Baking & Snack - June 2018 - 43
a double stamp of
Breaking into the children's snacking segment requires a balance
of parents' nutritional preferences and kids' creative choices.
by Karlee Renkoski
Parents rush their kids to the bus stop in the morning.
After school, there's soccer practice for one and tutoring
for another, and somebody has piano lessons later that
evening. Just as a daughter is dropped off, her brother
needs to be picked up, and everyone in the family might
not get home until well past dinnertime. This kind of
hectic schedule isn't just one day of the week; oftentimes
it occurs every weekday, some weekends and even into
the summer months.
Since there's limited time to fix meals, parents are
searching for snacks as replacements. According to the
"Global Kids Snacks Market Research Report 2018"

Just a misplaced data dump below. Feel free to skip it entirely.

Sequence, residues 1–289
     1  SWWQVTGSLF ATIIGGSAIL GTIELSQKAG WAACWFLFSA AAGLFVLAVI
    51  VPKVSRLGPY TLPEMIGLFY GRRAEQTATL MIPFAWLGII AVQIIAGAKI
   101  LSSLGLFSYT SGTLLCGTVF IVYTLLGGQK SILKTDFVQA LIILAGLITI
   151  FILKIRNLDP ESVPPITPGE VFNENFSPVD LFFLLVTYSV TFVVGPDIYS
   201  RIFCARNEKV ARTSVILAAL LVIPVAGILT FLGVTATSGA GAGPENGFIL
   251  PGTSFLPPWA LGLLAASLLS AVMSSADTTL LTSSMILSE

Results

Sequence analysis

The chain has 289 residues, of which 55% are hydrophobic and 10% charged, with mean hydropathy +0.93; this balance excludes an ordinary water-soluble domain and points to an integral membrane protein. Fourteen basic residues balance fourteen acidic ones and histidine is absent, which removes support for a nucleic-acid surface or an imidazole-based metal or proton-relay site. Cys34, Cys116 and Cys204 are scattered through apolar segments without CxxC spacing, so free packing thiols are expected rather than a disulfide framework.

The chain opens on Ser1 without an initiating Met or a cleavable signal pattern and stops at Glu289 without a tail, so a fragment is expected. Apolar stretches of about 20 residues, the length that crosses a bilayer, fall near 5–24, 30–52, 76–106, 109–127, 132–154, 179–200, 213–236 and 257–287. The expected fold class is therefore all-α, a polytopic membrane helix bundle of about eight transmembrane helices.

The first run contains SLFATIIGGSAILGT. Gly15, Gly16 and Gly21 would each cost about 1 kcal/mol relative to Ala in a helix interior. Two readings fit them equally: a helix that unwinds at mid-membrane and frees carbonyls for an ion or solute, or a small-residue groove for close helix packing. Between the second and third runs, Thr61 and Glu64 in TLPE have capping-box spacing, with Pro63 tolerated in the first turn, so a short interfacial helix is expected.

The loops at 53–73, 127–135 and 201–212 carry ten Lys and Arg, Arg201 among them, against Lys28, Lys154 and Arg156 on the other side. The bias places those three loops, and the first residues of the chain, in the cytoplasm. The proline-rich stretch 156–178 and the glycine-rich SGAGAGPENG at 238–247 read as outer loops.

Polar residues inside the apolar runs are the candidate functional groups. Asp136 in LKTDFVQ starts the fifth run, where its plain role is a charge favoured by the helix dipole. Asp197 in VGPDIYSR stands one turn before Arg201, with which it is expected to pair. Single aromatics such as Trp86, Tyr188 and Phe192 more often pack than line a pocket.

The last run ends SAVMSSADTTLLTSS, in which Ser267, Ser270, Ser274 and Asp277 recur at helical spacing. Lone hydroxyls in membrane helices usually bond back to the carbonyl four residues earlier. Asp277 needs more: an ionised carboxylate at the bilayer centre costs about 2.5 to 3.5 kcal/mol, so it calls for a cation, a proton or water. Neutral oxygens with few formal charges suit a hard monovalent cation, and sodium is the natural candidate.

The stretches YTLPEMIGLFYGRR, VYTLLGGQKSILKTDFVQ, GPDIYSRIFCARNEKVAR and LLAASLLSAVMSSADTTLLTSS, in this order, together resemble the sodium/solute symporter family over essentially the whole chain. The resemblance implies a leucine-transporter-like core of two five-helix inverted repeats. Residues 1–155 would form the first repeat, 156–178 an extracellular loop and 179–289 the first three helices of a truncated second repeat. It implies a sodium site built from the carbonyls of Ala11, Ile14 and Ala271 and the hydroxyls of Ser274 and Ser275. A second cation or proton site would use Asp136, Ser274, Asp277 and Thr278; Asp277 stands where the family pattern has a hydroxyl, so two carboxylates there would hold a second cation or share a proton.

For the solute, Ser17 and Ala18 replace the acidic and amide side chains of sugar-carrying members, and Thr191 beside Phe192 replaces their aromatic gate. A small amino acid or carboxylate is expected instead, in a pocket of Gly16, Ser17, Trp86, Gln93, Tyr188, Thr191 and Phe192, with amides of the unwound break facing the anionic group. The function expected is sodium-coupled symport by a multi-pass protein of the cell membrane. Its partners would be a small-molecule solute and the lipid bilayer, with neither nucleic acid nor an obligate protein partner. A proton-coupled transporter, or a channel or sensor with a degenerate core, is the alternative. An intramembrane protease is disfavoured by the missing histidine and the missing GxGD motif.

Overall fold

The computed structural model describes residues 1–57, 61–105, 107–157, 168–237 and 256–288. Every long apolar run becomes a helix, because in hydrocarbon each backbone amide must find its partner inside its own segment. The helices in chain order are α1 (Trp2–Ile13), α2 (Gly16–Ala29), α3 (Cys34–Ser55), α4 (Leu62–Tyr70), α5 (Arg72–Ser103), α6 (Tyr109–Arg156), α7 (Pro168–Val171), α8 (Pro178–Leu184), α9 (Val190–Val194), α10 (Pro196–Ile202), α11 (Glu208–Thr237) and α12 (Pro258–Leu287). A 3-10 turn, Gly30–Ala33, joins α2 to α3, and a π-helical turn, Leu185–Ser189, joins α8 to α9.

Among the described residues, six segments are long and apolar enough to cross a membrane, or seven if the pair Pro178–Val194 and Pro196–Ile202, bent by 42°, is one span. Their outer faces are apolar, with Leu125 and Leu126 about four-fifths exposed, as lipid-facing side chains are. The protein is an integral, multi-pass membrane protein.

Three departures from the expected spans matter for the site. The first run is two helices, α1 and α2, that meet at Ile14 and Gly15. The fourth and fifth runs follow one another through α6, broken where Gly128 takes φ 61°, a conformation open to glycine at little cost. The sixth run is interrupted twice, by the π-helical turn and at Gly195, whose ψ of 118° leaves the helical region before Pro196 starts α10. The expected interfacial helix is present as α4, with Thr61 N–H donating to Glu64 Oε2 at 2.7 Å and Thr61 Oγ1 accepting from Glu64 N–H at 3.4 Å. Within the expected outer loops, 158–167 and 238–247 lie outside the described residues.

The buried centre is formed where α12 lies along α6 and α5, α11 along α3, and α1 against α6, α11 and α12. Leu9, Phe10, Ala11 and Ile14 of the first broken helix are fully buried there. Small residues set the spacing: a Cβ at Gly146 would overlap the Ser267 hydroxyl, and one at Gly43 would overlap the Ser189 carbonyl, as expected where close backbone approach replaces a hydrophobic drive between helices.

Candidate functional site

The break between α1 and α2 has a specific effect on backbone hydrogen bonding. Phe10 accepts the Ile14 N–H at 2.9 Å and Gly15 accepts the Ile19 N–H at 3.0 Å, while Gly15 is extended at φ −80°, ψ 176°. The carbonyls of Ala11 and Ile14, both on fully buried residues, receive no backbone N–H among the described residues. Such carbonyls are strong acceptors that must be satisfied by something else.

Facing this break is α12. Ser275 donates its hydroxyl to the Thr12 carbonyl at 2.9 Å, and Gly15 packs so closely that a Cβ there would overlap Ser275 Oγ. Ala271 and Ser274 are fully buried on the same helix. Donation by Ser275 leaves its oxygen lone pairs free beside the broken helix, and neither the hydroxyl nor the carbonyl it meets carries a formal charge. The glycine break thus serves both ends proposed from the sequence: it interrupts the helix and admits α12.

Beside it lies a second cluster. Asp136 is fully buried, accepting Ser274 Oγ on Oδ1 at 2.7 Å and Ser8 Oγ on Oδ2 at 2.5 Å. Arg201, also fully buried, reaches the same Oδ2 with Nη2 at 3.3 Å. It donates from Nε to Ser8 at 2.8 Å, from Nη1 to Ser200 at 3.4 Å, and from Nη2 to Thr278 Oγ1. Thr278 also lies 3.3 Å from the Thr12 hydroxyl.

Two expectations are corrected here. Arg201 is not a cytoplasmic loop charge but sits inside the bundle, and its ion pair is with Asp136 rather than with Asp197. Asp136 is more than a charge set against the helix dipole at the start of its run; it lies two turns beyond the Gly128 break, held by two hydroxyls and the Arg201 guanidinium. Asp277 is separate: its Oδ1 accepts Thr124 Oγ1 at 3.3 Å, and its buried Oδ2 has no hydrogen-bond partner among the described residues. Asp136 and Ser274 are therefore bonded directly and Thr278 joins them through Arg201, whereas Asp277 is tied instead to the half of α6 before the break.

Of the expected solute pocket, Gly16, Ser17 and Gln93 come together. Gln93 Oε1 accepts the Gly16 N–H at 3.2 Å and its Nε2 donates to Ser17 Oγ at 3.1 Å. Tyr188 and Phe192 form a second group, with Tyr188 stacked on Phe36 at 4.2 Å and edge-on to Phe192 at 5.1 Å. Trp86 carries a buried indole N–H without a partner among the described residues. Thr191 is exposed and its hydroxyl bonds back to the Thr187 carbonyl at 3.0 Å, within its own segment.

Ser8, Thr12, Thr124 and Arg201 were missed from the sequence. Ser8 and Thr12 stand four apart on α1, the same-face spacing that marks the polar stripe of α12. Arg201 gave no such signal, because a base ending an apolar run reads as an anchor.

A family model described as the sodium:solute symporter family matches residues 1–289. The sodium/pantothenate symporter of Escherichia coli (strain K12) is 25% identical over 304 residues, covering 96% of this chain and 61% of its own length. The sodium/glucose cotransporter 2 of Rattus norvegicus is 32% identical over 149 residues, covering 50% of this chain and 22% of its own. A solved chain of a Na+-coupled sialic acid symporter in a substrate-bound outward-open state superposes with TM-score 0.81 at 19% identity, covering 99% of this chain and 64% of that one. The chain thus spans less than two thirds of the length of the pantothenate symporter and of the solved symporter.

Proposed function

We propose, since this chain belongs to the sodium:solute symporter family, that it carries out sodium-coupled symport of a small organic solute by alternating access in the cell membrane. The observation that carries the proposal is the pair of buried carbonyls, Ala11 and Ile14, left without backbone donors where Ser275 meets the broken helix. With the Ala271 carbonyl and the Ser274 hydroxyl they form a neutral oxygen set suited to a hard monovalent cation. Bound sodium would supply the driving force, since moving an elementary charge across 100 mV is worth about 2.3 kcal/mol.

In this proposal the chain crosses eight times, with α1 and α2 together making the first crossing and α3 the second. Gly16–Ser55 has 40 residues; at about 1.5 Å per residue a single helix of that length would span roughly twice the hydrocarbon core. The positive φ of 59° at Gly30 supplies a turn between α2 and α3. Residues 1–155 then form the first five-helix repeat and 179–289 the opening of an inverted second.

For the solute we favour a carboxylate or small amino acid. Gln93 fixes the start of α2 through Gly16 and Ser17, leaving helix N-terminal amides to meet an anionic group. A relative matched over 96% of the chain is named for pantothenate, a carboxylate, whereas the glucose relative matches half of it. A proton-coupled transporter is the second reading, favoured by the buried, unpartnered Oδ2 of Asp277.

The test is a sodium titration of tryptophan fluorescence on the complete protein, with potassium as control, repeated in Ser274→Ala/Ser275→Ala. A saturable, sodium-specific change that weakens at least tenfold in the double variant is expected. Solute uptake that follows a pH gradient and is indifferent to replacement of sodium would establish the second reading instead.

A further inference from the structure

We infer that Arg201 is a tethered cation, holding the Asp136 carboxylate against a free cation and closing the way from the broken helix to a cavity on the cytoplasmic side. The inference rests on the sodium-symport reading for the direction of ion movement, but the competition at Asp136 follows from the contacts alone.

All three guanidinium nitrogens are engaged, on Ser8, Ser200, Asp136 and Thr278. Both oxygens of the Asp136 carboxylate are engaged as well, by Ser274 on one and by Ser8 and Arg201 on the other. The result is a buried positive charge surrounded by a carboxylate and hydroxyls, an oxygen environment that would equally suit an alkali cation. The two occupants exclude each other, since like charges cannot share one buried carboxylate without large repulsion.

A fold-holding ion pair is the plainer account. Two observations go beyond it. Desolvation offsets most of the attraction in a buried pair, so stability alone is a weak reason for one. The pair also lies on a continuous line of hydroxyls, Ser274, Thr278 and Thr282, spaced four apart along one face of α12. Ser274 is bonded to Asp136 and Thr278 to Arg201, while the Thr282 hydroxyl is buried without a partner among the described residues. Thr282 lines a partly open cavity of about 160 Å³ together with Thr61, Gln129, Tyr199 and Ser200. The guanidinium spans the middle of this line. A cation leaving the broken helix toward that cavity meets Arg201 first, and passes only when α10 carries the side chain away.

by QYResearch, the kids' snacking market is predicted
to grow steadily at a CAGR of 10 to 15% from 2018 to
2023. With three meals a day shifting to anywhere from
six to nine mini meals, parents are looking for snacks
that provide ample nutrients and fuel their energetic and
"It used to be that the snacks were fruit, but because
of the natural high-sugar content, a lot of parents have
gone away from that and have gone looking up and
down the aisles for high-protein snacks that have less
sugar and less sodium," said "Supermarket Guru" Phil
Lempert. "It's really creating a whole new category or
subcategory of snacks that are equally healthy and onthe-go to give these kids that extra energy they need, as
well as the parents."
However, it's not easy for bakeries to move into this
segment. Mr. Lempert pointed out two crucial elements
to a kid's snack: "It needs to have the parent's criteria
loud and clear on the package, but for the kids to eat it,
it has to be hip, cool, fun and a weird color or something
that will attract them. The package has to do both things,
and that makes it really difficult for a lot of brands."
The production of kids' snacks is a balancing act. On
one hand, snack makers must satisfy the purchasers, or
The blurry line between regular
snacks and kids snacks can be an
incentive for bakeries to innovate
products for the whole family.
Wor woot - stock.adobe.com
www.bakingandsnack.com / June 2018 Baking & Snack 43